9

10

INTRODUCTION

rejuvenated and enlivened with some new force. To shake off classicism, or to put it more abruptly,to forget everything of history or usage, often means to make a fresh start such a start often;

begins being suggested by the poetry of some foreign country, and gains a strength and beauty. That is why even we Japanese, I dare say, can make some contribution to English The English poem, as it seems to me, poetry. is governed too greatly by old history and toojust compare it with the respectable prosody English prose, which has made such a stride in the recent age, to see and be amazed at its unchanging gait. Perhaps it is my destitution of musical sense (a Western critic declared that Japanese are for the most part unmusical) to find myself more often unmoved by the English rhymes and metres let me confess that, before perceiving the silver sound of a poet like Tennyson or Swinburne, born under the golden clime, my; ;

already revolts and rebels against something in English poems or verses which, for lack of a proper expression, we might call physical or external. As my attention is never held by the harmony of language, I go straightforward to the writer's inner soul to speculate on it, and talk with it briefly, I am sound-blind or tone-deaf that is my honest;

own Japanese mind

confession. It is not only my own confession, but the general confession of nearly all Japanese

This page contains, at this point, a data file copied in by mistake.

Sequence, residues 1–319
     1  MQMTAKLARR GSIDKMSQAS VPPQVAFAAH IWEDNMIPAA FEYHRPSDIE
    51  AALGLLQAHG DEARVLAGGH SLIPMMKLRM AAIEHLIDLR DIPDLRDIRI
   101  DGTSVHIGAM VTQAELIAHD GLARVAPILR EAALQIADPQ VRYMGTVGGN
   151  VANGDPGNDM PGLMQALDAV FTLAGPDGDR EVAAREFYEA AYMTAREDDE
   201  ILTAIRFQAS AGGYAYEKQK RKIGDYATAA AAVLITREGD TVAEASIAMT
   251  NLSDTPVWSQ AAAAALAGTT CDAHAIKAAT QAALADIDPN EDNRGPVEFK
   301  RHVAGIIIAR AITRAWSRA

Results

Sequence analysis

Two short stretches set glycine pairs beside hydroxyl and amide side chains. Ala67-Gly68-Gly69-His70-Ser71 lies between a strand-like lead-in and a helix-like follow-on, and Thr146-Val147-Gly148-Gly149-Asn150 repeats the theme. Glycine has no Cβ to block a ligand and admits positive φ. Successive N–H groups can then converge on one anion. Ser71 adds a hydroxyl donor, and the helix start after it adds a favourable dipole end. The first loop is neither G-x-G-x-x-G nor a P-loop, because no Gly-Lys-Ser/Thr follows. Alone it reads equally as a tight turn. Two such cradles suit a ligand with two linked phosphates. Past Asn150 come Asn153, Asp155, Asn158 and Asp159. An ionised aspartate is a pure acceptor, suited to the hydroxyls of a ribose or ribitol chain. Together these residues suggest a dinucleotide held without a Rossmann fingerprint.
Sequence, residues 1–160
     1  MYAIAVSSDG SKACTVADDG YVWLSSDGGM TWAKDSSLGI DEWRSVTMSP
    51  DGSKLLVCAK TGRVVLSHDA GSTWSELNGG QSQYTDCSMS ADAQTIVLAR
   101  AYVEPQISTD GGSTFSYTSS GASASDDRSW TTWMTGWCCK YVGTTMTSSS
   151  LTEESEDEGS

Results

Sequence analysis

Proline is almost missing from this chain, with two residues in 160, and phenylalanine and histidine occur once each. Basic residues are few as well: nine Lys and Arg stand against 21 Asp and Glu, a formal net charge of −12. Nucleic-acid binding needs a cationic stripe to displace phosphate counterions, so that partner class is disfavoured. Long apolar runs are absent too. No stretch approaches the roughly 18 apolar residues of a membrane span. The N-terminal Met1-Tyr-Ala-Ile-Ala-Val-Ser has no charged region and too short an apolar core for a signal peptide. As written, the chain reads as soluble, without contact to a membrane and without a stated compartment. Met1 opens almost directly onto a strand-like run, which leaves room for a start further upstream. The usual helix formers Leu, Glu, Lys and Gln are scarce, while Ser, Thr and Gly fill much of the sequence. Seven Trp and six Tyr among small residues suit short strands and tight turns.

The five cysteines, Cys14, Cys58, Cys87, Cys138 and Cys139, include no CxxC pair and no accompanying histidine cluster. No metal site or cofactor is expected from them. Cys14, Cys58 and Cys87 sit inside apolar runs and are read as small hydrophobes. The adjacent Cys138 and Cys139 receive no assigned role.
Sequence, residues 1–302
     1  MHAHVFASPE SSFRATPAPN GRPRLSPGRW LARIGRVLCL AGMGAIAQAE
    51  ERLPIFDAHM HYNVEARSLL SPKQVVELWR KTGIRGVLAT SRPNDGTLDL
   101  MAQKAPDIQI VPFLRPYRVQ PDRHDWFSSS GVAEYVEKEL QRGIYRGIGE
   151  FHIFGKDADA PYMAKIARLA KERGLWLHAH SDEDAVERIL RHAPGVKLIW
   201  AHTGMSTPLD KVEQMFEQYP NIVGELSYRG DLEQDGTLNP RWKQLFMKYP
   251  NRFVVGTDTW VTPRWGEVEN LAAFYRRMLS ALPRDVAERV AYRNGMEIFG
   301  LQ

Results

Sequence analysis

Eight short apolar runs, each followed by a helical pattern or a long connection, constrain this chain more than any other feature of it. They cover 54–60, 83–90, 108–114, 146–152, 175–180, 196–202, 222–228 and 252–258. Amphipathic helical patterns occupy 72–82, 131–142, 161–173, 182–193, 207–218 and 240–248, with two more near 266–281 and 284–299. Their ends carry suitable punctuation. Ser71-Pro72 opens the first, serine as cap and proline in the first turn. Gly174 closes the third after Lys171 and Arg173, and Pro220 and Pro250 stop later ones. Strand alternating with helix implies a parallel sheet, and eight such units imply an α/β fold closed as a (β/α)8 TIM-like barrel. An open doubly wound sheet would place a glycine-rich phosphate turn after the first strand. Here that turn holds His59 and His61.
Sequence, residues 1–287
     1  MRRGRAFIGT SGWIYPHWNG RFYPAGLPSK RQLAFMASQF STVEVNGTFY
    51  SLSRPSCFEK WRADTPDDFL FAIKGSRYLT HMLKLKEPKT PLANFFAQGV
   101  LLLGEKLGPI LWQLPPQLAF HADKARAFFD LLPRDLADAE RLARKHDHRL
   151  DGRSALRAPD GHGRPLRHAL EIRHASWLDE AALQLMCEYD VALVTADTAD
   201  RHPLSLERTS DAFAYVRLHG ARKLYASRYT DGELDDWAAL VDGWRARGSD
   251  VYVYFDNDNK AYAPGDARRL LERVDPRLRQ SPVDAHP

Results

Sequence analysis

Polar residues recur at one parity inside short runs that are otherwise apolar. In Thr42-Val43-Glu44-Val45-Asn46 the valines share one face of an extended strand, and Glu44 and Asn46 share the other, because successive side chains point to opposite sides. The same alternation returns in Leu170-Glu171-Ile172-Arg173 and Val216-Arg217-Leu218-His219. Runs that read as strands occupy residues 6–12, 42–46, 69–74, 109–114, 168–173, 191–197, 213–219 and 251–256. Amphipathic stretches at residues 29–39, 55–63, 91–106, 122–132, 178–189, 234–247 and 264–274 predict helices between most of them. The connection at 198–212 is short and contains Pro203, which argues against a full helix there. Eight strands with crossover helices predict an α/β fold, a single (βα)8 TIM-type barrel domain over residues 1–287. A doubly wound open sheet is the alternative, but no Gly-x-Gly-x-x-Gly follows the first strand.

;

INTRODUCTION

11

our Japanese minds always turn, let me dare say, to something imaginative. It is my own opinion that the appearance of Basho, our beloved Hokku master, was the the greatest happening of our Japanese annals been had which degenerating Japanese poetry, for centuries, received a sudden salvation through His greatest his own pain and imagination. hope, to become a poet without words, was finally he was, as I once wrote on the Buddha realised in meditation priest; ;:

"

He He

a touch beyond word, reads the silence's sigh, And prays before his own soul and destiny He is a pseudonym of the universal Consciousness, A person lonesome from concentration."feels:

When the Japanese poetry joined its hand with the stage, we have the No drama, in which the characters sway in music, soft but vivid, we Japanese as if a web in the air of perfume find our own joy and sorrow in it. Oh, what a I always in and the No tragedy beauty stage think that it would be certainly a great thing if the No drama could be properly introduced into the result would be no small protest the West the Western against stage, it would mean a real revelation for those people who are well tired of their own plays with a certain pantomimic spirit underneath.;!

;

12

INTRODUCTION;

We started our country as the land of poetry our forefathers were poets themselves. They were free as the winds are free. When our modern young poets cry to go back to the age of their forefathers, they think that it is only the way to escape from the so-called literaturethis poetical strength and beauty their opinion that they find all the Western literary ideals in our Japanese ancient life and

and gainit is